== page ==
• Getting to Know Me–The Value of Written Dialogue

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    Photo Credit: trbell.tripod.com

    This past November I visited Intensive Trauma Therapy (ITT) in Morgantown, West Virginia, for a week of trauma-specific therapy. One of the most valuable things I learned at ITT was the power of written and verbal dialogue to recode and “move” the stuck experiences produced by trauma from one side of our brains to the other.

    Verbal and written dialogue help us reestablish the necessary connection between the two sides of our brain that allows our traumatic experiences to be given a beginning, middle, and end and to be properly filed within our memories.

    Most mornings since coming home from ITT, I sit with a notebook in hand, writing dialogue to the parts of myself that got stuck by the traumatic experiences in my life.

    The little girl who was sexually assaulted and had no one to tell.

    The teenager who was chased down a deserted beach by a crazed man with a knife.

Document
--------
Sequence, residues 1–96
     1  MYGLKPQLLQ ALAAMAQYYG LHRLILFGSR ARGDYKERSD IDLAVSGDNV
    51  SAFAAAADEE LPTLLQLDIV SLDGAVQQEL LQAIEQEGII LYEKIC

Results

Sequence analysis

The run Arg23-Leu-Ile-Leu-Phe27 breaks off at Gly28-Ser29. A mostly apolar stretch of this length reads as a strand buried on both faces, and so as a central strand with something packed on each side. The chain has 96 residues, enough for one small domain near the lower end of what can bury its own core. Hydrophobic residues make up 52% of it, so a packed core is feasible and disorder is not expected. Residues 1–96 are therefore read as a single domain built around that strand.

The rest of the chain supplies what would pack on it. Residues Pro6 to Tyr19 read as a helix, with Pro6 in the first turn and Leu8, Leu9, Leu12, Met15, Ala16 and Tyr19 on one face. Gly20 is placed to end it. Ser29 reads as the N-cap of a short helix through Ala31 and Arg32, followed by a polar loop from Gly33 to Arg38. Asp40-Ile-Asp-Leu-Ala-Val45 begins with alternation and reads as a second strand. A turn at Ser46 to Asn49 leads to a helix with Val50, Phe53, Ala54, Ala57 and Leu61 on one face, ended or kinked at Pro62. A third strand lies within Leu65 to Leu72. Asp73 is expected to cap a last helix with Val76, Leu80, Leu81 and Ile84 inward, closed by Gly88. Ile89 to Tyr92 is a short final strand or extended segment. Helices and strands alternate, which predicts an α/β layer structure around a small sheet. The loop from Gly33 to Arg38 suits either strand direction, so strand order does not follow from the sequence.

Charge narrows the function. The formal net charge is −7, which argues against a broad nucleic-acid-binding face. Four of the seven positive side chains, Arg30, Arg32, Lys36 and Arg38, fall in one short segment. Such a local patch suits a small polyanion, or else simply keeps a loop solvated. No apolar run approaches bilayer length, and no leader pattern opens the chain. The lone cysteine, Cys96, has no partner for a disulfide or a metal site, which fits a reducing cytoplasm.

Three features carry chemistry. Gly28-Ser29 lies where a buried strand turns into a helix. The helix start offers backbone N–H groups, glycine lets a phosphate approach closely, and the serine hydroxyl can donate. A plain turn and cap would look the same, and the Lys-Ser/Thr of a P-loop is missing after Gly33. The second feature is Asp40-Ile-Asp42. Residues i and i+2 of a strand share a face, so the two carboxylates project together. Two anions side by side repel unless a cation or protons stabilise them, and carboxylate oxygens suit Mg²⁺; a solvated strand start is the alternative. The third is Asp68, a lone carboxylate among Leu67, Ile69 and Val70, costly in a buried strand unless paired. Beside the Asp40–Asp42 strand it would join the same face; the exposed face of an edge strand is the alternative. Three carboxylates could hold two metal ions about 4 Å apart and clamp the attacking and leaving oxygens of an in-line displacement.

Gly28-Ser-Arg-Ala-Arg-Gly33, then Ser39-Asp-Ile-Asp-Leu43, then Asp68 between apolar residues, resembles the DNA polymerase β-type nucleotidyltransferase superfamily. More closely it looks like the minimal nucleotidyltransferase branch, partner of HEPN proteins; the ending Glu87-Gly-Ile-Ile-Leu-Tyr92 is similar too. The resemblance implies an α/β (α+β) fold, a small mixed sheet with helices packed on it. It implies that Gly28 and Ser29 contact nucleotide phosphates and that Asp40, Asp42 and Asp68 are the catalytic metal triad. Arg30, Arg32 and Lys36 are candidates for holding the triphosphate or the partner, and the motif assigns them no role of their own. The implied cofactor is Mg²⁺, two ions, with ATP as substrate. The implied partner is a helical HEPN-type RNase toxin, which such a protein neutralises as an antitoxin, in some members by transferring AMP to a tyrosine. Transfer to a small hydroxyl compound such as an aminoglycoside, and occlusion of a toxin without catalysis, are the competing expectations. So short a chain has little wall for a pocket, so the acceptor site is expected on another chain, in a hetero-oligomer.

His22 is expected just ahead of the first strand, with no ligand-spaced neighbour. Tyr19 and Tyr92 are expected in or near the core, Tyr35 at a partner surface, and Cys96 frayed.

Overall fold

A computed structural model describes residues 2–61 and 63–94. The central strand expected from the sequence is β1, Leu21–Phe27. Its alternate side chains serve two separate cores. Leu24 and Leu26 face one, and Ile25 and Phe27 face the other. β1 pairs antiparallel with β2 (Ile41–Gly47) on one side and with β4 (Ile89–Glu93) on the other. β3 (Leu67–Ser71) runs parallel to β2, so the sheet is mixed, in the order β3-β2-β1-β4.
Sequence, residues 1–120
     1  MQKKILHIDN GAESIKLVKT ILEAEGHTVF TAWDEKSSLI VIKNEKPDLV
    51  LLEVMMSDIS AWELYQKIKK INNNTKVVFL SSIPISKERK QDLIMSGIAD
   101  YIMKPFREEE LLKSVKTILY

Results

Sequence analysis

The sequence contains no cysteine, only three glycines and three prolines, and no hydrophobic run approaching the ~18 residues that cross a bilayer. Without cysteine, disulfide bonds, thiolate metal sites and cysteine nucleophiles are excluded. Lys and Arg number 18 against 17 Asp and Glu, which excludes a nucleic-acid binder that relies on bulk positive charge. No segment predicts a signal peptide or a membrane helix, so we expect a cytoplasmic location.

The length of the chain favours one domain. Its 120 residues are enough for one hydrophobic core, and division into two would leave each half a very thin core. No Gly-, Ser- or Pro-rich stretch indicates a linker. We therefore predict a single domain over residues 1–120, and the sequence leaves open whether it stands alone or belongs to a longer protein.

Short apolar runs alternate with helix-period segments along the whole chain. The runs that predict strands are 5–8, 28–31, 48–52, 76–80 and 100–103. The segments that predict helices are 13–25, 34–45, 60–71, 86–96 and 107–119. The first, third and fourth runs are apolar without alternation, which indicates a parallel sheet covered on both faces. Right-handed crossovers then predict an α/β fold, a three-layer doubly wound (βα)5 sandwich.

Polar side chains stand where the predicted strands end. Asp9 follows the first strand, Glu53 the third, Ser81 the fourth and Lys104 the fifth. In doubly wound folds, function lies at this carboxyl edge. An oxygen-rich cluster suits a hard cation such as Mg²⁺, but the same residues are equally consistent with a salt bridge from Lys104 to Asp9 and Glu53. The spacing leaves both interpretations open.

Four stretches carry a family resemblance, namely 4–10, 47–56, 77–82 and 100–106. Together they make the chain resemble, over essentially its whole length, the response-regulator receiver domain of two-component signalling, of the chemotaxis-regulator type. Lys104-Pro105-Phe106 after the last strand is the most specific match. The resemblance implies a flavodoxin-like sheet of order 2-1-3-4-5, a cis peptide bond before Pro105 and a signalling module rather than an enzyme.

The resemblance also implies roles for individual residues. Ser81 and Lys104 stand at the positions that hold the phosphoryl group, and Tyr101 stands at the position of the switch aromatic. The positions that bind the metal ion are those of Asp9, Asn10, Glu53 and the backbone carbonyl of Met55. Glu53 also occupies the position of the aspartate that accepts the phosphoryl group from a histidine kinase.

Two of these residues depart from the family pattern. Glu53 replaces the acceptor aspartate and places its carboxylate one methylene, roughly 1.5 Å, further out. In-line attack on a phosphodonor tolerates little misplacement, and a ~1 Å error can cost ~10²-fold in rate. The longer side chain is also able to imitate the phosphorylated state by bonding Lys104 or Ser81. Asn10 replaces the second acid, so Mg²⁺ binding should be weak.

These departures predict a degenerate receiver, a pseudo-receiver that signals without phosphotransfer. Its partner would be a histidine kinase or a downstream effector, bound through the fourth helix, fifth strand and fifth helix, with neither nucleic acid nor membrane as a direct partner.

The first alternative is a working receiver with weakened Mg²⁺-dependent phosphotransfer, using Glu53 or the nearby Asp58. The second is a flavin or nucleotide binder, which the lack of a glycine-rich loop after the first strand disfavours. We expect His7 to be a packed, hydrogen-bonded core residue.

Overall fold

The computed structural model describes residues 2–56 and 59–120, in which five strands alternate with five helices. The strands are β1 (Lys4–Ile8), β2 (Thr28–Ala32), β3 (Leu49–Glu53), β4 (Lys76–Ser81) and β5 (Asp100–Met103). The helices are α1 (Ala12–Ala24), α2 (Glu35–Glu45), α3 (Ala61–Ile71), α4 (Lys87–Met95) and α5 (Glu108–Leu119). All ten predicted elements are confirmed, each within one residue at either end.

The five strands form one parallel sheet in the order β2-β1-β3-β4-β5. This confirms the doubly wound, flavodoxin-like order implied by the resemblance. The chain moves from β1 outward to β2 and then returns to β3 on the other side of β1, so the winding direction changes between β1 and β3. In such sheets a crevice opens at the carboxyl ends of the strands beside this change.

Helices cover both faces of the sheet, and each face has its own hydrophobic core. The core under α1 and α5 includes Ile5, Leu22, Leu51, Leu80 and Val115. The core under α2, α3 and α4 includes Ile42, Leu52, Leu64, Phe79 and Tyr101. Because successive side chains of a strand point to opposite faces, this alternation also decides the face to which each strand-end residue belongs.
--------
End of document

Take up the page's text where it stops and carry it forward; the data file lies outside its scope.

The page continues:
The nineteen-year-old who was assaulted in her bed by a serial rapist.

    The caregiver who helped her mother with Alzheimer’s and father-in-law with Parkinson’s slowly die.

    Those “parts” of me became overwhelmed by trauma. And those stories became stuck in one side of my brain, contributing to escalating symptoms of PTSD over the years.

    But verbal and written dialogue with those parts has helped me create an ending to those stories and move on.

    Writing has given me greater understanding and compassion for those parts of myself that felt abandoned.

    Writing has given me insight and closure. It has helped me move on. It has significantly impacted my symptoms in positive ways, reducing anxiety, insomnia, and triggers.

    When I’m not writing, I dialogue in my head. The process is one of self-discovery and closure.

    For more information on dialogue therapy, visit Intensive Trauma Therapy.

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